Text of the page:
The two associations provided one instance in California where a caregiver, assisted by an attorney from New Mexico, convinced an elderly man to execute a TOD deed. Soon afterward, the caregiver stopped providing care and the elderly man’s health rapidly declined. Eventually, the daughter and son-in-law intervened, eliminating the TOD and getting a conservator involved.
“Had they not intervened in time, the TOD would have been a tool of fraud,” the CLTA and CEA wrote in their letter.
The groups also said the uncertainty surrounding the use of a TOD deed may make it difficult to obtain title insurance. Because many TOD deeds for the same property could be executed over the course of a lifetime due to divorce, remarriage, death and additional children being added, each change could trigger the execution and recordation of a new TOD deed to effectuate a different transfer to different people.
“A ‘stacking’ of these deeds in the public records would create ambiguity and uncertainty as to the status of title and intent of the original transferor,” the associations’ letter stated. “If there is ambiguity in the recorded public records, many title companies may feel compelled to use an abundance of caution and seek a quitclaim deed for every person with a potential real property interest in the property to ensure that clear title can be passed to the new buyer or protect the lender providing a loan.”
Additionally, the CLTA and CEA believe the existence of a TOD deed in the chain of title could impact a lender’s decision to make a loan and add an additional layer of delay and cost to the consumer if the lender required the TOD deed be revoked prior to consummating a new loan.
The two associations were joined by others opposing the legislation, including the California Judges Association (CJA) and California Advocates for Nursing Home Reform. In its letter, the CJA said it understands the intent of TOD deed legislation and to make it easier to do estate planning, but concludes this legislation creates confusion, complexity and litigation that outweigh any benefits.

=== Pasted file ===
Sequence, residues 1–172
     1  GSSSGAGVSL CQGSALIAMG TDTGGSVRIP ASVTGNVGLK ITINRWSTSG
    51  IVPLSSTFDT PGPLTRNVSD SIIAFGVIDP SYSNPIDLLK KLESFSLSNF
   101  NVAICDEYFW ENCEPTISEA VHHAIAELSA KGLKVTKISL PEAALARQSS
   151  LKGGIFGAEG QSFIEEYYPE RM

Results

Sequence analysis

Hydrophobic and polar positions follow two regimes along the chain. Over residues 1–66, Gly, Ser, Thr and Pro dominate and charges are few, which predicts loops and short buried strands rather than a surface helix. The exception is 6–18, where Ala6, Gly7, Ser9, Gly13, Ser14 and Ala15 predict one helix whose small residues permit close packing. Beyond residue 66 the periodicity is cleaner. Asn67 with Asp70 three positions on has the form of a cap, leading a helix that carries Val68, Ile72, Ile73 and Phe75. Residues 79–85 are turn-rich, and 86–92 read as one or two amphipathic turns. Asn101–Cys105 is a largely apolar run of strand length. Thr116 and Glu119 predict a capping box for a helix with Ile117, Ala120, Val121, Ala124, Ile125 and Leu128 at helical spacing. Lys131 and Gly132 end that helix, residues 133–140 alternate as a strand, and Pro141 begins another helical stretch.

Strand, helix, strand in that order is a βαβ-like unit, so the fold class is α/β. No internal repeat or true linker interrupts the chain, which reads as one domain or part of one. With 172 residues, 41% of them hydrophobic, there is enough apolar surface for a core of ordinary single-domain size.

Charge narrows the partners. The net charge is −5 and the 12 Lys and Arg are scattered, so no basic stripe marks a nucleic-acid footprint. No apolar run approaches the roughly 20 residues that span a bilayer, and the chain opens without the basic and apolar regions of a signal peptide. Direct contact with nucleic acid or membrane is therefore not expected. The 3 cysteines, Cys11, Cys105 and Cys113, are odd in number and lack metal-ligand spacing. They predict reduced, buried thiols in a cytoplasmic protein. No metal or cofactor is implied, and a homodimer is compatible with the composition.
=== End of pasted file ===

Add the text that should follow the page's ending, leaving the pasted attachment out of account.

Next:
“Judges commonly see lawsuits resulting from do-it-yourself estate planning,” CJA said. “The interrelation of wills, trusts, joint tenancy, pay on death accounts, beneficiary designations and retirement accounts is complex. Unless being advised by an attorney, people often engage in piecemeal estate planning that produces expense, litigation and confusion instead of the simplicity they imagined would result.”
Opposing TOD deed legislation proposed in California last year, the CJA was concerned with revocation difficulties and delivery of the deed. The legislation would have required any document revoking or changing a TOD deed to be notarized and recorded before death. The legislation also opened the possibility that an executed TOD deed could be recorded without knowledge, consent or intent of the transferor. CJA also said the legislation would make it more difficult for creditors of an estate to recover from the TOD deed asset and would subordinate the estate’s unsecured creditors to the beneficiary’s creditors who have a security interest in the property.
While TOD legislation could be used as a helpful estate planning tool, Debbie Scott of Omaha National Title & Escrow Co. said TOD deeds could pose problems in states such as Nebraska, which have an inheritance tax. Earlier this year, Legislative Bill 536 was signed by the governor adopting the Nebraska Uniform Real Property Transfer on Death Act.
“We believe the legislation would ‘fool’ the consumer into believing that when the death certificate is filed, all is well,” Scott said. “In reality, they would still have to commence a county court proceeding for the determination of inheritance tax and payment just as they would if the property were in held in a trust by a remainder or surviving joint tenant or the like.”
Effective in Missouri
Meanwhile, David Townsend, CEO of Agents National Title Insurance Co., said the uniform act has worked well in Missouri.
“It has not proven problematic with title as long as you have a properly recorded beneficiary deed prior to the death of the grantor,” said Townsend of the legislation, which was enacted in 1989 and modified in 1995. “It’s been very effective to transfer homes when it’s the only part of someone’s estate.”
Townsend said the 2006 ALTA Owner’s Policy provides protection because the term “insureds” named in Schedule A includes “successors to the Title of the Insured by operation of law as distinguished from purchase, including heirs, devisees, survivors, personal representatives or next of kin.” He added that there’s the potential for fraud just like there is with any other deed.
“The competency of the person issuing the deed could be questioned, but we’ve only had one claim involving a beneficiary deed and it was a nephew three heirs back in the chain,” Townsend said.